Third, the ECB will have to continue monitoring the implementation of reforms. The bold reforms promised are necessary, and the Commission has been given prime responsibility for monitoring them. But as long as the ECB is part of the game, it will also have to monitor and push for action. Only a clear message from national and European policymakers can stop the current dangerous capital outflows. However, the ECB has only limited time to do this, as it will lose trust and support if it is too involved in national policies. Ultimately, conditionality cannot be imposed by the common central bank. The incoming president must therefore advance Jean Claude Trichet’s calls for a eurozone finance ministry with democratic legitimacy, that is in a position to follow up on structural and fiscal reforms.

Trust in the ECB will return with a successful resolution of the problems. The last European summit has laid the foundations for a resolution of the main Greek problem, and the ECB is contributing to a solution. The incoming ECB president must further restore trust by stabilising the bond market, where the EFSF’s firepower reaches its limits, while avoiding moral hazard. A combination of clear rules for intervention as regards interest rates, and tough conditionality, will be needed as long as the eurozone lacks the necessary institutions, in particular a eurozone finance ministry, to ensure its survival.

Guntram Wolff is the authors of the policy contribution Changing of the guard – Challenges ahead for the new ECB president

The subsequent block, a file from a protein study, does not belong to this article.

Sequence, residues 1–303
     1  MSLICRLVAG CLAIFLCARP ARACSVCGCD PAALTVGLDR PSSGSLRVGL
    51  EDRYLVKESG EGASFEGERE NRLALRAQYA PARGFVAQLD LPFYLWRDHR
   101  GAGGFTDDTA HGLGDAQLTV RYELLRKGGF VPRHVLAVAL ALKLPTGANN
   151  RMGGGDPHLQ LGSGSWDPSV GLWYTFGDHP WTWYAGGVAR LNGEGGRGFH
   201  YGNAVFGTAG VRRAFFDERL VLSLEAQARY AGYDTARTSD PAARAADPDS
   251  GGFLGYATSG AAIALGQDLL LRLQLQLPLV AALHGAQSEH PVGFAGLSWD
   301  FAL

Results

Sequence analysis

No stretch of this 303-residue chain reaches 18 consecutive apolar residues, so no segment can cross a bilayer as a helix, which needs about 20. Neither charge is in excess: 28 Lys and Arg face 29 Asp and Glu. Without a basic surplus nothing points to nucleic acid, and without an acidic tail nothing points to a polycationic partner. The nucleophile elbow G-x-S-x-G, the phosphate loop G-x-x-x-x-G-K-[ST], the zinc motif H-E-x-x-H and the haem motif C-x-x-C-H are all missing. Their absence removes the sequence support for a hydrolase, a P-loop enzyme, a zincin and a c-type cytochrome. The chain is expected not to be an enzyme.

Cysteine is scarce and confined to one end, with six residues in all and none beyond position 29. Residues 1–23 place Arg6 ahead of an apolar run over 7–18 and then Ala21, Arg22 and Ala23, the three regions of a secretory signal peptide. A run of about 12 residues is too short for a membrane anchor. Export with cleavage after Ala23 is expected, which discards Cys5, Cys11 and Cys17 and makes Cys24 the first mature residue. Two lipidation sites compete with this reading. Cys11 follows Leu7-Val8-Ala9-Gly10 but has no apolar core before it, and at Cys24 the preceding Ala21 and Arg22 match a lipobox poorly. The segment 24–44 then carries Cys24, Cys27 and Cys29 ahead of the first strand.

A version of this column was also published in the Financial Times


Republishing and referencing

Bruegel considers itself a public good and takes no institutional standpoint. Anyone is free to republish and/or quote this post without prior consent. Please provide a full reference, clearly stating Bruegel and the relevant author as the source, and include a prominent hyperlink to the original post.

Read article Download PDF
 

Parliamentary Testimony

European ParliamentInclusive growth

Understanding the socioeconomic effects of the COVID-19 pandemic on women

Testimony before the European Parliament's Committee on Economic and Monetary Affairs (ECON) on the consequences of the pandemic on women.

By: Maria Demertzis and Mia Hoffmann Topic: European Parliament, Inclusive growth, Macroeconomic policy Date: October 27, 2021
Read about event More on this topic
 

Upcoming Event

Nov
4
14:00

European monetary policy: lessons from the past two decades

This event will feature the presentation of “Monetary Policy in Times of Crisis – A Tale of Two Decades of the European Central Bank."

Speakers: Petra Geraats, Wolfgang Lemke and Francesco Papadia Topic: Macroeconomic policy
Read about event More on this topic
 

Upcoming Event

Nov
9
11:00

Phasing out COVID-19 emergency support programmes: effects on productivity and financial stability

How can European countries phase out the COVID-19 support measures without having a negative impact on productivity and financial stability?

Speakers: Maria Demertzis and Laurie Mayers Topic: Macroeconomic policy
Read article More by this author
 

Opinion

European governance

Can EU fiscal rules jump on the green bandwagon?

By and large, setting a new green golden rule would be a useful addition to the existing EU fiscal framework.

By: Guntram B. Wolff Topic: European governance, Green economy, Macroeconomic policy Date: October 22, 2021